After visiting Chile for over a week, we interviewed Cyril Penn, editor of WineBusiness.com from the United States who told us more about his new vision of Chilean Wines.
¿What did you see in Chile in your last trip that changed your vision of Chilean Wine Industry?
This was my second trip to Chile. The first time, more than ten years ago, I visited some large wine producers. You could call them the usual suspects. The most recent visit focused on small producers. A tasting organized by Pedro Parra and Francois Massoc in Cauquenes with other local small producers changed my vision of the Chilean wine industry because I could see and taste the excitement for myself. These winemakers are making high quality, terroir driven wines and they’re entrepreneurial about it, with a passion for doing something new. The wine Pedro and Francois made with newly-discovered 140-year old Malbec vines was the most memorable, but there were several others that were impressive. I was told that some winemakers are realizing that they can be sustainable as a business by making premium-priced wines if they can get to a level of 3,000 annual cases or so.
The winemakers at the tasting in Cauquenes were having as much, if not more fun, talking to each other about their craft, as they were speaking with me. The structure of the Chilean wine industry is so different than that of California and the U.S. We have 9,000 wineries in the United States, most of them small, but there aren’t very many small producers in Chile, as I found out. I can tell, from my short visit, that this is poised to change over time and that’s exciting. The era of small, independent wineries in Chile is coming.
I also hadn’t met Pedro Parra before, even though he has consulted all over, including with producers near my home base in California. I was interested to learn a little about his approach to helping clients discover and understand their terroir. Quick visits to Bandido Niera and Viña Mirador del Valle were also instructive.
I was stuck by the vast acreage of “old” vines planted throughout southern Chile – I had no idea. It is ironic to me that grapes from so many of the old vines in Chile are sold at commodity prices to producers of bulk wine. Old vines are highly sought after and are in short supply here in California. Grapes from old vines sell at a premium here.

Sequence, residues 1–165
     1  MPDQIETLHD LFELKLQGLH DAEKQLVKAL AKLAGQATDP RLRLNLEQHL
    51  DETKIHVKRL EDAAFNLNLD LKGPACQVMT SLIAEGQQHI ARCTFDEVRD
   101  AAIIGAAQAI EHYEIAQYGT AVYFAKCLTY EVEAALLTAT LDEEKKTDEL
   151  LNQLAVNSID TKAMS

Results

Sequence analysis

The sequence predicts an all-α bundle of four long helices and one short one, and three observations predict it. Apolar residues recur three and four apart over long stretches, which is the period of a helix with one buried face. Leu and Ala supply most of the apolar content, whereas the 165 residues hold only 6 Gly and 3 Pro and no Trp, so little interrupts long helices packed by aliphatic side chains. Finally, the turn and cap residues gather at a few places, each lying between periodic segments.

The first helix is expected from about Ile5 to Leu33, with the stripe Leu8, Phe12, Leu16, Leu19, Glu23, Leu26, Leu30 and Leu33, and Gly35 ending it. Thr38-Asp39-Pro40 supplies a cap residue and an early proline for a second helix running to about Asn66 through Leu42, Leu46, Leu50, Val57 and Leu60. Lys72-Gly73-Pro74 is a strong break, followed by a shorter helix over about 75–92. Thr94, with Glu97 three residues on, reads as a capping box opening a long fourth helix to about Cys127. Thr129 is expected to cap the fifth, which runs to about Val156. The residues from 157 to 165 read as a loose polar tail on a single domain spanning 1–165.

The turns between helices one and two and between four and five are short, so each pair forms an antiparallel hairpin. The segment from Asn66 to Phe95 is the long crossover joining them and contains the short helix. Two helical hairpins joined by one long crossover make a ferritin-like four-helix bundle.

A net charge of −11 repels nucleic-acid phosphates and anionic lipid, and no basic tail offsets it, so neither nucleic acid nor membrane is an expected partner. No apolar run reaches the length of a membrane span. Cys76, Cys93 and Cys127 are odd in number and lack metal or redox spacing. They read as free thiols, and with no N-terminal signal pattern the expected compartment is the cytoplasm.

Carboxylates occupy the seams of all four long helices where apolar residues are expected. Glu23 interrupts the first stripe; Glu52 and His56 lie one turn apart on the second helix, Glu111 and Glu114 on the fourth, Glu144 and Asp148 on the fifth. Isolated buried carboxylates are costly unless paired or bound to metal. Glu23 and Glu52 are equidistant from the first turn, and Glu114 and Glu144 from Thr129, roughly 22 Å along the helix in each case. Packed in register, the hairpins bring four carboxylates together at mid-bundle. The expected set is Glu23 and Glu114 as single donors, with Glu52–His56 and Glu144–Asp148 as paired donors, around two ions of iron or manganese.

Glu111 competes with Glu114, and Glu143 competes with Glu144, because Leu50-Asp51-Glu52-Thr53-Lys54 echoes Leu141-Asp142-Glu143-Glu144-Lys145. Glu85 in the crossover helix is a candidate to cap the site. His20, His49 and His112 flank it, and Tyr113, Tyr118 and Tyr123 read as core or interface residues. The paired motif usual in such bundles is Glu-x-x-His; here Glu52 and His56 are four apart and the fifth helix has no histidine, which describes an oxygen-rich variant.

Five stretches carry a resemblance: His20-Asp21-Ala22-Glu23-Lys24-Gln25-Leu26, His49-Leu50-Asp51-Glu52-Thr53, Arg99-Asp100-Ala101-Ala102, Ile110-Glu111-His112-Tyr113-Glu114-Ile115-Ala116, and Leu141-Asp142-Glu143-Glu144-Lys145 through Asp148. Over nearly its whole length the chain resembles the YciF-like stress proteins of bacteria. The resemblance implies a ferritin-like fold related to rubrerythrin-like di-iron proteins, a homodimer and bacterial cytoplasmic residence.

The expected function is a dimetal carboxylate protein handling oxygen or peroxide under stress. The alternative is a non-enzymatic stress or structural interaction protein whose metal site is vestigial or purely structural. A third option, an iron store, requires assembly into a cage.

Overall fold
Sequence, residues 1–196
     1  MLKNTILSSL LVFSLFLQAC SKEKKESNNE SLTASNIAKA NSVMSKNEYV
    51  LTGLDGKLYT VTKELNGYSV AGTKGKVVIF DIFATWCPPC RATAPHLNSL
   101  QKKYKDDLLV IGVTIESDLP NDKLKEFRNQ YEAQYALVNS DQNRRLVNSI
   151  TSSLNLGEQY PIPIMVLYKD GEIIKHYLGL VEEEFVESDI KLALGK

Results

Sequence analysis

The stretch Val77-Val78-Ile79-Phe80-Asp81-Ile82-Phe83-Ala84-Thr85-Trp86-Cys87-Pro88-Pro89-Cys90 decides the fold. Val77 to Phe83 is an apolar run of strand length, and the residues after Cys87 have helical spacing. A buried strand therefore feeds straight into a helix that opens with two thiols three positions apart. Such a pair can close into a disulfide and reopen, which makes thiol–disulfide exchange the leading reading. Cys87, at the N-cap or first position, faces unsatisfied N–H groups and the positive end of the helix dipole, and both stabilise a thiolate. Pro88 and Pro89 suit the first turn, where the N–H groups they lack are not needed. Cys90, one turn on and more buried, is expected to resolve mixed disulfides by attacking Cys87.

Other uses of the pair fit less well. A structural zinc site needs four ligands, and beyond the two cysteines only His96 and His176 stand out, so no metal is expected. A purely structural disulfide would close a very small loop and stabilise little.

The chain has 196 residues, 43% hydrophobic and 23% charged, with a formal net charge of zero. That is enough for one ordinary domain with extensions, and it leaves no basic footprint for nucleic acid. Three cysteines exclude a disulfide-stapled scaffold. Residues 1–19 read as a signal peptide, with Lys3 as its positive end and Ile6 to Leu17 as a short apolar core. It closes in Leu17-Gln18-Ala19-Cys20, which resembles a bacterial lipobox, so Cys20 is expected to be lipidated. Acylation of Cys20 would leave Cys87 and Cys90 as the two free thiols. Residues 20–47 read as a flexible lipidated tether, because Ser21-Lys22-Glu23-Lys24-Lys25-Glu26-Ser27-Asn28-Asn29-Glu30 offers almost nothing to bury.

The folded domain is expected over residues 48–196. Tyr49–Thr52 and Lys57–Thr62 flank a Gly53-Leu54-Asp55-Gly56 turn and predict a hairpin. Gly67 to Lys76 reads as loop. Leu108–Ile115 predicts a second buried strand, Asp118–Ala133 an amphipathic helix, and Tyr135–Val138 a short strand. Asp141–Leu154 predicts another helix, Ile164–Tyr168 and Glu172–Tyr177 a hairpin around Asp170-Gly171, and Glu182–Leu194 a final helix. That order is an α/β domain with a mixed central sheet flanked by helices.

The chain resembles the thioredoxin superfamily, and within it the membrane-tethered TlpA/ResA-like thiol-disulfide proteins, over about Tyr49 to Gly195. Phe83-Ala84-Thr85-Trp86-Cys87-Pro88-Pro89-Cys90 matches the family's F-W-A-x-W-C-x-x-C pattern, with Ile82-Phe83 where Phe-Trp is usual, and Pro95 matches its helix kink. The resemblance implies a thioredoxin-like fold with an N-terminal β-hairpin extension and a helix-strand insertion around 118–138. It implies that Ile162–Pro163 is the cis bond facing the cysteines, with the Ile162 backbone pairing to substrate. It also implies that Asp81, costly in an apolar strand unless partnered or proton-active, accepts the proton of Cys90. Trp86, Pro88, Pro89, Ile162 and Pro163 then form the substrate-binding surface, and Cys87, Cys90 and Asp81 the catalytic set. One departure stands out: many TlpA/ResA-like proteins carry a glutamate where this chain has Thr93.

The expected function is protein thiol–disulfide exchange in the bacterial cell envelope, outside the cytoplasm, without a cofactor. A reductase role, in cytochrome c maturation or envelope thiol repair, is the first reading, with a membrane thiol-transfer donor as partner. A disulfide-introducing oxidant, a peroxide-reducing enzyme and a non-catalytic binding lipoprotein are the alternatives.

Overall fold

Last but certainly not least, it was fascinating to see the experimental Pinot Noir vineyard Villaseñor planted in Patagonia. Such a beautiful area and Villaseñor is planting an additional vineyard in the area, with plans to build a production facility in a couple of years. I tasted it for myself, the Pinot Noir was ripe, or at least ripe enough to make good wine – even though it is the southern-most vineyard in Chile, and possibly in the world.
I also was fascinated to learn that UC Davis is active in Chile with an excellence center that will be taking the model of “extension advisors” that we have here in California, and to deploy it in Chile with field agents who will help growers and winemakers improve quality. I am a new member of the executive advisory board to the UC Davis Viticulture and Enology Department but didn’t know much about UC Davis’ activity in Chile.
¿How is the US Wine Industry right now considering the big impact of Climate Change in Europe. Any specific issues you see California will have to face soon like expanding wine regions?
I learned that Southern Chile is being eyed closely as a new frontier for premium winemaking, particularly given expectations of climate change. Here in California, climate change has not been perceived to be that much of an issue for winemakers – yet. We don’t have new areas to plant left – California’s premium grape production areas are pretty much fully planted already. That means that over time, climate change probably won’t lead producers to plant in new areas (with the exception of in Southern Oregon, which is cooler and has future potential). Instead, we may see a shift in terms of the varietals that are planted in different areas. My sense is that some wineries are still in denial about climate change, despite the strong focus here on sustainable farming.
¿Can you explain us a bit about what type of events WineBusiness.com organizes in California, target and objective?
Wine Business Monthly is an information provider to the U.S. wine industry. In addition to Wine Business Monthly, we publish the Wine Business Insider newsletter, and through our website, winebusiness.com. Our sister publication is Wines & Vines. We have also ventured into the events business recently, another way of producing the industry with information. We produce an annual Innovation and Quality conference (IQ) focused on improving quality in winemaking; We also produce a trade show held on California’s Central Coast called WiVi (stands for Winemaking and Viticutlure). We also organize the Wine Industry Technology Symposium, a show dedicated to successfully deploying new software technology; and we now produce the annual Wine Industry Financial Symposium, the Winejobs.com Summit, and an annual Vineyard Economics Seminar too.